It would be accurate to say that the Co-op has had a bad year

Reflections on today's news.

It all seemed such a good deal, as recently as last July. I broke off from my holidays to tell BBC radio Five Live, Radio 2, the rolling BBC news channel and just about anyone else that would listen, what a good deal the Co-operative Bank had struck to snap up 632 branches from Lloyds Banking Group.

The Co-op was to pay a mere £350m up-front for the branches with up to a further £400m based on the performance of the branches over the next 15 years. I may even have called it a bargain. Okay, to be strictly accurate, I actually called it something approaching an absolute steal. By contrast, Santander had agreed to acquire 316 branches from Royal Bank of Scotland in a deal worth around £1.65bn. Santander subsequently pulled out of that deal, blaming IT challenges relating to the acquisition.

That argument was rather less than convincing, given Santander’s stellar record in tackling IT issues arising from its earlier purchases of Abbey, Bradford & Bingley and Alliance & Leicester. Had Co-op managed to conclude its agreement with Lloyds, it would have had a UK current account market share of around 7 per cent (up from 3 per cent) and would become the 7th largest UK bank by current account market share and the 6th largest bank as ranked by branches.

Lloyds dominates the current account market share with 31 per cent, ahead of RBS NatWest with 16 per cent and Barclays and HSBC/First Direct each with 14 per and Santander with 11 per cent.

The relatively modest Co-op branch network of 340 units would have almost trebled to more than 970 outlets, once it rebranded 283 Lloyds TSB branches in England and Wales, 164 Cheltenham & Gloucester branches and 185 Lloyds TSB Scotland branches. Today, the Coop/Lloyds deal is in tatters. And today on BBC news I felt a little uncomfortable when I suggested that perhaps, on reflection, the Coop was acting prudently in not stretching itself to finalise the branch purchases. I would be quite happy if everything I had written and said regarding the Lloyds-Coop deal last year could be quietly and immediately deleted.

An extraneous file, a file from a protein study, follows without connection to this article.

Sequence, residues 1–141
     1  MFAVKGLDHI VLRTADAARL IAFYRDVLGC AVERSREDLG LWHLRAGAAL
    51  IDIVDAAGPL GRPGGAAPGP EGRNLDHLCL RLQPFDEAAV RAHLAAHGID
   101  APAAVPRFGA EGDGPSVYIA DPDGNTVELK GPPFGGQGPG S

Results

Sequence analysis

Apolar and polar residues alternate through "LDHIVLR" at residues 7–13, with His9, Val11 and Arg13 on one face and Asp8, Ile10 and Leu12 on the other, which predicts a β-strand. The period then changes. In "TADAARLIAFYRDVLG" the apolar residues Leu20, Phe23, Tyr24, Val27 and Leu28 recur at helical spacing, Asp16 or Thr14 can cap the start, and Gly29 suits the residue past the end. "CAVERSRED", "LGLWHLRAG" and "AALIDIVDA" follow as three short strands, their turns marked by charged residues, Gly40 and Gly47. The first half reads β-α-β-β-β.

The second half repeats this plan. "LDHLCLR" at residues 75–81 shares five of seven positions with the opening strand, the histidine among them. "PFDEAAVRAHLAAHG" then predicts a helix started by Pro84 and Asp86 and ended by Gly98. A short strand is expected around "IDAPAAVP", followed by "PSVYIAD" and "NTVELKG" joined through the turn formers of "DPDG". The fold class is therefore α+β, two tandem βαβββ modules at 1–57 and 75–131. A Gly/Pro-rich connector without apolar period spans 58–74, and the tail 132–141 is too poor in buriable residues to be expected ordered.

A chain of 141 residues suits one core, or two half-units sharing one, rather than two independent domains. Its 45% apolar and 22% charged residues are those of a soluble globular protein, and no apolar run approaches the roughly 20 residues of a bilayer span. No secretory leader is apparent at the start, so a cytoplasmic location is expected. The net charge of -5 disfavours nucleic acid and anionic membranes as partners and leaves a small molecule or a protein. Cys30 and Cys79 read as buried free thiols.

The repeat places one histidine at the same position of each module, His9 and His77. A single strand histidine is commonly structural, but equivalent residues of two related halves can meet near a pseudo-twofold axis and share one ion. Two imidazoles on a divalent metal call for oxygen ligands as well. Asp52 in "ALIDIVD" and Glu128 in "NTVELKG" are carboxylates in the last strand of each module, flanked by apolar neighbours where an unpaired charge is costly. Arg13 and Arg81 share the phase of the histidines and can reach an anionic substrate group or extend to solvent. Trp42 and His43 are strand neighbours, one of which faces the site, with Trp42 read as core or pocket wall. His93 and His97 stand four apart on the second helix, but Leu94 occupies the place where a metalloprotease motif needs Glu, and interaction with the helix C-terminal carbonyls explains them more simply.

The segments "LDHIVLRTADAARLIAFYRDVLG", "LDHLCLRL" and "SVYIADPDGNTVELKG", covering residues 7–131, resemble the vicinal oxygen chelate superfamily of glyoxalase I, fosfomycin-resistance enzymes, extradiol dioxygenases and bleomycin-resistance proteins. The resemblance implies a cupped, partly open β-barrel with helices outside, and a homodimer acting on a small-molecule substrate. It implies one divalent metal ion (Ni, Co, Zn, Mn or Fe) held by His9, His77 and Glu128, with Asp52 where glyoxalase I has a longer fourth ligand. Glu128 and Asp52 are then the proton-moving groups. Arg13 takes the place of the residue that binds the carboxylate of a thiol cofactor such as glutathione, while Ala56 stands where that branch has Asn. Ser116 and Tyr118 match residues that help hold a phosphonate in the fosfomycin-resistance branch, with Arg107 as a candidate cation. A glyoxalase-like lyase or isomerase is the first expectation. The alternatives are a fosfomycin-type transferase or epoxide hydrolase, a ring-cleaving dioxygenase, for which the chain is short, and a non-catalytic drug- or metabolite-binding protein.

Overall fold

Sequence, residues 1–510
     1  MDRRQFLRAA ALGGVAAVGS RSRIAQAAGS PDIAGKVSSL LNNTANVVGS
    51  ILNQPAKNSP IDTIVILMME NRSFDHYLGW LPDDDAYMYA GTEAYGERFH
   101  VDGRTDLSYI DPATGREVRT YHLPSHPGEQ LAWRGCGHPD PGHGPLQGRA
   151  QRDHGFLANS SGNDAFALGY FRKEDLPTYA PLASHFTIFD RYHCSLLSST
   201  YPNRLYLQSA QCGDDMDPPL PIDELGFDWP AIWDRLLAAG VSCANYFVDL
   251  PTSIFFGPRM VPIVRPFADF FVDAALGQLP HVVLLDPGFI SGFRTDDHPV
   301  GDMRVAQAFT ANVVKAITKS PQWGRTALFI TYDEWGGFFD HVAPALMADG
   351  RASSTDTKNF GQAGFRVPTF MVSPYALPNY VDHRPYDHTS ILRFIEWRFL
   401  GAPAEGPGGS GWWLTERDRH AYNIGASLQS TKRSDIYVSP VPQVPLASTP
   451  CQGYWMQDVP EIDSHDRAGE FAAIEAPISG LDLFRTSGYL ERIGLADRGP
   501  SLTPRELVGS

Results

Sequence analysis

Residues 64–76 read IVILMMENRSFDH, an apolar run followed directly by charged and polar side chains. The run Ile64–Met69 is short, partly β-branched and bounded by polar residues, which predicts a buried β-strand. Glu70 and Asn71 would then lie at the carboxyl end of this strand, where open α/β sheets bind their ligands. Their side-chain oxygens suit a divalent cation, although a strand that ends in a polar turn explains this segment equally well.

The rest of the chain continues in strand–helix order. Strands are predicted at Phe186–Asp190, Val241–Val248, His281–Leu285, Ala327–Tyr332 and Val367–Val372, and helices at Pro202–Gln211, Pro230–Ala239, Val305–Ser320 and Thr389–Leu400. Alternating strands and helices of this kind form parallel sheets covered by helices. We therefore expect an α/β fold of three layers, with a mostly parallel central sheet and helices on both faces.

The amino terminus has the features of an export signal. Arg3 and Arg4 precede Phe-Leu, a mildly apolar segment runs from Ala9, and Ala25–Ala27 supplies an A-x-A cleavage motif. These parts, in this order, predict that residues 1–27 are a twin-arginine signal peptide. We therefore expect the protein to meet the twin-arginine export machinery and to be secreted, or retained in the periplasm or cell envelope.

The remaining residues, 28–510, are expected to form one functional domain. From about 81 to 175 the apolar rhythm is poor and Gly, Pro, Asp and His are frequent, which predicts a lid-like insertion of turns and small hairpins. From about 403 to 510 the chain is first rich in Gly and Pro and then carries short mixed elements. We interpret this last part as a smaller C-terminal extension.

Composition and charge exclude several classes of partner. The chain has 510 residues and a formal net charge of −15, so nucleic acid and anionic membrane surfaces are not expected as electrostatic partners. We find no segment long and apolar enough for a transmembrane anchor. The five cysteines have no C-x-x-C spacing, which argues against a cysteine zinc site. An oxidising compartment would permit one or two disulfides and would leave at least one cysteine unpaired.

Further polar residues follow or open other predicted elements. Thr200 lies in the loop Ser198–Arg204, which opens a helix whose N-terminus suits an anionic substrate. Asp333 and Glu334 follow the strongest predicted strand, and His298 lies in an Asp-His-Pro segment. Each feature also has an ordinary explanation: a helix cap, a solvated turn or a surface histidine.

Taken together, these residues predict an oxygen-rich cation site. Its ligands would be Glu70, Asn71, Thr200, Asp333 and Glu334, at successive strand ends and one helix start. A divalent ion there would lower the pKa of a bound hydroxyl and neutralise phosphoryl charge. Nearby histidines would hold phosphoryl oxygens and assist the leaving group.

According to the Co-op, it has chucked in the towel because of the current economic environment. The economy is none too chipper, but arguably not a lot has changed since last July. The Co-op also argues that the increasing regulatory requirements on banks mean that the deal no longer makes sense. Again, pull the other one.

There is an increasing regulatory burden on banks, it is true. There are these tiresome new rules for the banks relating to miss-selling; no more jackpots await such as the bonanza they struck from selling PPI insurance to customers who might want to take out a loan. There are also tighter rules relating to putting away adequate levels of capital for a rainy day. All of these rules were well known last July.

It would be more accurate to say that the Co-op has had a bad year. It lost £600m in fiscal 2012 and has faced bigger challenges to fund the deal than they – and this writer – forecast a mere nine months ago.

It may also be fair to suggest that the rapid transformation in the way the majority of us do our banking is swaying thinking within the Coop?

"The branch is dead" and "the branch has no future" are ridiculously gloomy and inaccurate regular forecasts from digital (internet and mobile) banking evangelists. But, and it is a big but the size of a flagship Apple-type banking store, we are using branches less and less.

Branches need staffing and branches are expensive compared to offering digital banking. That kind of thinking is heard more and more from senior retail bankers.